That’s what many people feel when they learn that eternal life is free. They hear that good news and ask, “But don’t I have to do something?”
Your whole life was oriented towards earning things. If you wanted something, the most natural thing to ask is, “What do I need to do?” You set a goal, made a plan, and worked to earn it. That’s what you do—what you always do for everything.
Naturally, most people take the same approach to salvation. “What do I have to do?” If you asked that question to a pastor in a legalistic church, he’d give you exactly what you’d expect: a to-do list. The Christian life becomes one of having to do certain things to make sure you go to heaven when you die. In that scheme, your life at least has a clear direction: no goodness, no heaven.
But then grace throws you a curveball or changes the game. God gives you eternal life for free, through simple faith in Jesus. Instead of trying to get to the finish line, it turns out that’s where you start. In that case, “Don’t I have to do something?” is no longer the right question to ask about your Christian life.
So what is?
Here’s how Gerhard Forde put it:
“For you see, that question—don’t we have to do something?—is not the question at all any longer. The question now is, what are you going to do now that you don’t have to do anything? It is an entirely new ball game, for the grace of God has come. Jesus has been raised from the dead!” (Forde, We Preach Christ Crucified, p. 49).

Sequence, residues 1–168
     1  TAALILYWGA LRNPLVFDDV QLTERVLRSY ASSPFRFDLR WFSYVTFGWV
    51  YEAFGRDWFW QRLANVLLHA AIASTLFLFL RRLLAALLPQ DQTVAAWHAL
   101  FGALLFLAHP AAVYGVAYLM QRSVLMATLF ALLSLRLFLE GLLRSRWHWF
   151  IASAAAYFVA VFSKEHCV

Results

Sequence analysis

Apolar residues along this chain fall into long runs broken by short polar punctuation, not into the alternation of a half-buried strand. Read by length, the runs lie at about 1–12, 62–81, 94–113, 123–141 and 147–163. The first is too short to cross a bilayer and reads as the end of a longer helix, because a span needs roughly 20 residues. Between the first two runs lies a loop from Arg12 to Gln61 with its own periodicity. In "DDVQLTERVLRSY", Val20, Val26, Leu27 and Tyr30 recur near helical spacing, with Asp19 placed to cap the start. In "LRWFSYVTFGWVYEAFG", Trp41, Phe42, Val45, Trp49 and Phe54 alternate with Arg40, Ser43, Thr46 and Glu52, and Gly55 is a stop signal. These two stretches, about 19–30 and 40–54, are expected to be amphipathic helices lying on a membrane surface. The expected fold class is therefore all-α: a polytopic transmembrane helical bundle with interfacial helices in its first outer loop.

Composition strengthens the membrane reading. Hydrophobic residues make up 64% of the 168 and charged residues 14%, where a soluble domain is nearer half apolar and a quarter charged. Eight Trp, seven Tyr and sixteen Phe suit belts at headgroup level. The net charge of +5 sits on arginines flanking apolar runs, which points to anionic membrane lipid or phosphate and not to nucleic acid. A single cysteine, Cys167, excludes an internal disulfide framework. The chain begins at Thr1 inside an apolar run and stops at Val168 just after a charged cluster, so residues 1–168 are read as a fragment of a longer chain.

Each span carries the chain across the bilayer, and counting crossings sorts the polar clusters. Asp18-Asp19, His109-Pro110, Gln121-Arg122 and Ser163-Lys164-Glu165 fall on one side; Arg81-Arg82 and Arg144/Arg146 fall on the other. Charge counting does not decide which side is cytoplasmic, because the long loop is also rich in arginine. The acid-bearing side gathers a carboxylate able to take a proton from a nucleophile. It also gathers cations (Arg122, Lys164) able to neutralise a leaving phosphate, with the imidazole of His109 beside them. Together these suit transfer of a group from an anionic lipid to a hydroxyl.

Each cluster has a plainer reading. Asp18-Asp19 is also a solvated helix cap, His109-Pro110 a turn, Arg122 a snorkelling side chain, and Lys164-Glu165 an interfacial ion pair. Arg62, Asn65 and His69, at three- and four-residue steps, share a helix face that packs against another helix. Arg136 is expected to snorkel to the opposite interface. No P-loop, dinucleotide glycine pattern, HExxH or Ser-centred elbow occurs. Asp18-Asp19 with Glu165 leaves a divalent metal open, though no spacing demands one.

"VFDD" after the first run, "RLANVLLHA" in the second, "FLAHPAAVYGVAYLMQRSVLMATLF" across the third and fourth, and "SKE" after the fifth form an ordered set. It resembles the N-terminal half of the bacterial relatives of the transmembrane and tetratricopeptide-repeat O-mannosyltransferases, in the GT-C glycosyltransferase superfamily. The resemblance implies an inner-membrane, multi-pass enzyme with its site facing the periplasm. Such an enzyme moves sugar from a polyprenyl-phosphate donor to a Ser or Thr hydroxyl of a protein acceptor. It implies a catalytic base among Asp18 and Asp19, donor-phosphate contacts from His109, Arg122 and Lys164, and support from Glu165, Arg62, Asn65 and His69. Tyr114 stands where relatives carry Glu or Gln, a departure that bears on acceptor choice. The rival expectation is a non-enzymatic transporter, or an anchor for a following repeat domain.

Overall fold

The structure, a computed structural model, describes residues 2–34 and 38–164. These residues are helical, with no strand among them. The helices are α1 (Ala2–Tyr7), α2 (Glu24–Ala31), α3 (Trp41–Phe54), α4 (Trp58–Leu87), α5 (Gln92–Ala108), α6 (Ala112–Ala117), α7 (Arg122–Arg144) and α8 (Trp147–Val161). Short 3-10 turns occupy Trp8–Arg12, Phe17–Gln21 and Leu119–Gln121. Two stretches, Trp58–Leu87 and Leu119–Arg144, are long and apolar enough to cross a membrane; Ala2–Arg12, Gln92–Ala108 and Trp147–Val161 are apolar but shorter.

You don’t have to do anything. At least, not for your salvation. The believer already has everlasting life (John 3:16) and has already passed from death to life (John 5:24). So if you have believed, it’s a done deal. You don’t have to do anything because Jesus already did everything.
So now what?
Now that grace has flipped the script and removed the main motive that most of Christendom has had for living the Christian life, what do you do next?
Grace frees you to begin asking a different set of questions, such as: “What do I do to help my struggling neighbor?”
Or, “What do I do to help more people learn about Jesus?”
Or, “What can I do to be a functioning member of my local church?”
In other words, instead of asking, “What do I need to do to win the game?” the believer asks, “What do I do, now that the game is already won?”
Thought for the day: When you stop working for your salvation, then you can start working for the Lord.